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Hanukkah made western civilization possible

Hanukkah made western civilization possible by preserving idea of one God instead of pagan beliefs of many gods. Holiday is more than just a Jewish victory.

Were it not for its proximity to Christmas, Hanukkah would be unknown to most non-Jews and it would not be celebrated by most non-religious Jews. The proof is that the other post-Hebrew Bible holiday, Purim, while very popular in Israel, where it is sort of a Jewish Mardi Gras, is essentially unknown to non-Jews and largely ignored by most American Jews. 

In other words, if Purim fell in December and Hanukkah in March, everyone would know about Purim, and few would have ever heard of Hanukkah. 

Too bad. Hanukkah is actually of seminal importance both to Judaism and to the world. 


Hanukkah commemorates the incredible Jewish victory over far more numerous and powerful Greek forces in 164 BC. 

The Jews’ revolt, known the Maccabean Revolt, named after its leader, Judah the Maccabee, was directed against the Greek Seleucid Empire in 167–160 BC. The Seleucid Empire was a Greek state in west Asia and the Middle East which lasted from 312 to 63 BC. At its height, it covered approximately one and half million square miles. 

In 168 BC, the Seleucid king, Antiochus IV Epiphanes, launched a horrific campaign against Judaism.

Two things about this anti-Jewish persecution stand out. 

First, Antiochus did not seek to annihilate Jews, as Adolf Hitler and the Nazis did two thousand years later and the Islamic regime in Iran does today. He sought to annihilate Judaism. Jews who abandoned the Torah and Jewish practices and adopted Hellenism were left alone. 

Second, among all the religions under his rule, Antiochus persecuted only Judaism. His Greek regime had no problem with pagan religions. It was Judaism that disturbed Antiochus and the Seleucids. 

To understand why Judaism so bothered Antiochus, one needs to understand that no pagan religion completely rejected Hellenism. Judaism did. If Antiochus wanted a statue to him or to a Greek god erected in a pagan temple, none of the pagan religions would have objected. The pagan attitude toward religion was non-exclusive. No pagan god was regarded as the one God of all humanity. But the Jews claimed that their God was indeed the only God in the world. 

Despite this belief — that the God of Judaism is the God of all humanity — Judaism never insisted that non-Jews needed to convert to Judaism. Thus, Jews never forcibly imposed Judaism on non-Jews. But, unlike all their pagan neighbors, the Jews rejected the gods of everyone else. And this infuriated Antiochus. He hated the Jews’ monotheism. 

So, he decreed that Judaism be abolished. He erected statues of Greek gods in the Jews’ holy temple, put to death Jewish parents who ritually circumcised their eight-day old sons — hanging the murdered Jewish child around the mother’s neck — forced Jews to eat pork, offered illicit sacrifices, burned Torah scrolls, executed Jews who observed the sabbath, and dedicated the holy temple to Zeus.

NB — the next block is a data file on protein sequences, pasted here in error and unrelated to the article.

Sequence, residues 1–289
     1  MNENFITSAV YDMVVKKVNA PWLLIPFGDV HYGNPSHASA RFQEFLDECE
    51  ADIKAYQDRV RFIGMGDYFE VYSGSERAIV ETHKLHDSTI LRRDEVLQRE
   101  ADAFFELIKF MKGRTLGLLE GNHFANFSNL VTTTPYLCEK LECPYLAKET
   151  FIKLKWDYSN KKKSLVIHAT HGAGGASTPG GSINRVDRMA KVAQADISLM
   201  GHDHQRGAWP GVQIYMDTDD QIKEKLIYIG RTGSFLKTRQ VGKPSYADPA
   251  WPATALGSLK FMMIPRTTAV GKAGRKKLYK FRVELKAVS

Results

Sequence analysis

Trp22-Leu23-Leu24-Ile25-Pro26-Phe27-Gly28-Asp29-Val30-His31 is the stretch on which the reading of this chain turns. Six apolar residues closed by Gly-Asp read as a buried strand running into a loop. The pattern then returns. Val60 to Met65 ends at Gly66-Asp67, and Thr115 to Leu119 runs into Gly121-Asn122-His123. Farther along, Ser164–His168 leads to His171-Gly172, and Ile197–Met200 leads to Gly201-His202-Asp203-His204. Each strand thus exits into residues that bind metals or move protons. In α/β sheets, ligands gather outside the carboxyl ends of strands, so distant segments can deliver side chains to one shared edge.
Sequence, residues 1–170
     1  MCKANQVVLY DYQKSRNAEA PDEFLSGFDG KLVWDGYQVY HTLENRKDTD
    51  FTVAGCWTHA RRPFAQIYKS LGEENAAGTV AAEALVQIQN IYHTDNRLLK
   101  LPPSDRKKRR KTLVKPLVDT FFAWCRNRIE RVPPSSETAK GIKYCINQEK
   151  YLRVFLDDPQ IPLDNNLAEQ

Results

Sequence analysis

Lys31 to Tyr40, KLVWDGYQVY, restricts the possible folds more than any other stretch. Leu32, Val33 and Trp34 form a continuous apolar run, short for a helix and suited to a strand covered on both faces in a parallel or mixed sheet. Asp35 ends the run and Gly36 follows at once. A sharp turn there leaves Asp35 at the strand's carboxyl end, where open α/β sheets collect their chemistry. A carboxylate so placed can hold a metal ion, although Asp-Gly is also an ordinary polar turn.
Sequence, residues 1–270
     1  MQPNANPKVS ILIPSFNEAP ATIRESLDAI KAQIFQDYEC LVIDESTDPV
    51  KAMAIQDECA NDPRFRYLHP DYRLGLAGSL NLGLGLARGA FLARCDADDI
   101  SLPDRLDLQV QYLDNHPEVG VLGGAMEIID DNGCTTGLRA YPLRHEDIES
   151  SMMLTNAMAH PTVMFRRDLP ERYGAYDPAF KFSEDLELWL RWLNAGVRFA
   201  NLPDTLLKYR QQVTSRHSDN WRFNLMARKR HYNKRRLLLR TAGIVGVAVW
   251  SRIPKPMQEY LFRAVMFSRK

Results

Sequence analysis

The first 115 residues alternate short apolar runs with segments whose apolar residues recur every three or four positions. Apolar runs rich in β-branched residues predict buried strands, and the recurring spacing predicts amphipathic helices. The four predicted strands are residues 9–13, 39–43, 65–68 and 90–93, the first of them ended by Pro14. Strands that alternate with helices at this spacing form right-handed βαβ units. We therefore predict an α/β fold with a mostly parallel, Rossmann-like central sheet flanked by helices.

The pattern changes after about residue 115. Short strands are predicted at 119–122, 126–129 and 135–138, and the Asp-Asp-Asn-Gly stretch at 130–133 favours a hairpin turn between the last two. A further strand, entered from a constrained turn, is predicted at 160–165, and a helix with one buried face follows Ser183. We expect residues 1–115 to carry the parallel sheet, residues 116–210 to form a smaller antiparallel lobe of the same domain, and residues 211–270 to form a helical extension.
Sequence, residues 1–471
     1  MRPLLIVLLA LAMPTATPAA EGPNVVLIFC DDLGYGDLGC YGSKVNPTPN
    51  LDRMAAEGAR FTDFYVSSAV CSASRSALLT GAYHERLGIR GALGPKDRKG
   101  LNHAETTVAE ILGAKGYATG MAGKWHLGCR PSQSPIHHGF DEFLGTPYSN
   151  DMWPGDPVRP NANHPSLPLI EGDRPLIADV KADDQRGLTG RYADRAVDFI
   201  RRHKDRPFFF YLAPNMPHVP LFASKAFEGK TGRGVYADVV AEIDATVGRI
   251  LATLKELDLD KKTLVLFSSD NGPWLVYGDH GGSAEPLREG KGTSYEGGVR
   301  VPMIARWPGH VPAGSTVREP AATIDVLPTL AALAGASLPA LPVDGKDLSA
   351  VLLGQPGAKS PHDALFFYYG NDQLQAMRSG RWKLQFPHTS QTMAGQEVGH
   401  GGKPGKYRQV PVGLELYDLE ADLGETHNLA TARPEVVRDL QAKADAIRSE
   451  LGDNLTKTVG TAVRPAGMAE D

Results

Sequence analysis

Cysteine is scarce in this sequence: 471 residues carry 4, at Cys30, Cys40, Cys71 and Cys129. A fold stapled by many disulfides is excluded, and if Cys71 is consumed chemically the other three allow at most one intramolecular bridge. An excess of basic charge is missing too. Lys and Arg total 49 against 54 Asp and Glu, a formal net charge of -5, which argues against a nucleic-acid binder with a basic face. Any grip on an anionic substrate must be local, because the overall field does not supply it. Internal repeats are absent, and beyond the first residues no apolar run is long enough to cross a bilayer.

It was the Greeks who originated the blood libel — the myth of Jewish ritual murder of non-Jews. They made up a story about Antiochus who, upon entering the sanctuary of the temple in Jerusalem, found a Greek captive waiting to be burned as a sacrifice to the Jewish God. Antiochus reportedly claimed that the prospective victim had been informed by temple servants that it was an established practice of the Jews to kidnap a Greek, fatten him up for a year, then place him on wood, sacrifice him, eat his flesh, and swear an oath of hostility to the Greeks. 

According to rabbinic tradition, the victorious Maccabees found just one bottle of oil that had not been contaminated. It contained only enough oil to keep the Temple Menorah (candelabra) lighted for one day, but it miraculously lasted for eight days. Hence the eight days of Hanukkah . 

But Hanukkah represents far more than the miracle of the oil. 


The Jews’ successful rebellion assured the continued existence of the Jewish religion and contributed to the decisive influence of monotheism in western culture and history. 

The most far-reaching consequence of the revolt was the perpetuation of the monotheistic idea, which was threatened by the Seleucids’ Hellenism, the Greek religion and culture that Antiochus tried to impose by force, and that many Hellenized Jews accepted voluntarily. 

Hebrew monotheism gave the world one God — meaning that all humans are brothers and sisters, since we are all His children, created in His image. It also gave the world one moral code — meaning that morality is not relative to every nation, every religion, or every individual. It was also the only religion in the world to disassociate God and nature. Nature is not God; God created nature — for man’s use.

Ironically, the Western world, in its radical post-Judeo-Christian secularism has reverted to pagan nature-worship. 

Hanukkah saved monotheism, and thereby made the creation of the Western world possible. Maybe people of every faith — especially faith in Western civilization — should light a menorah for eight days. 


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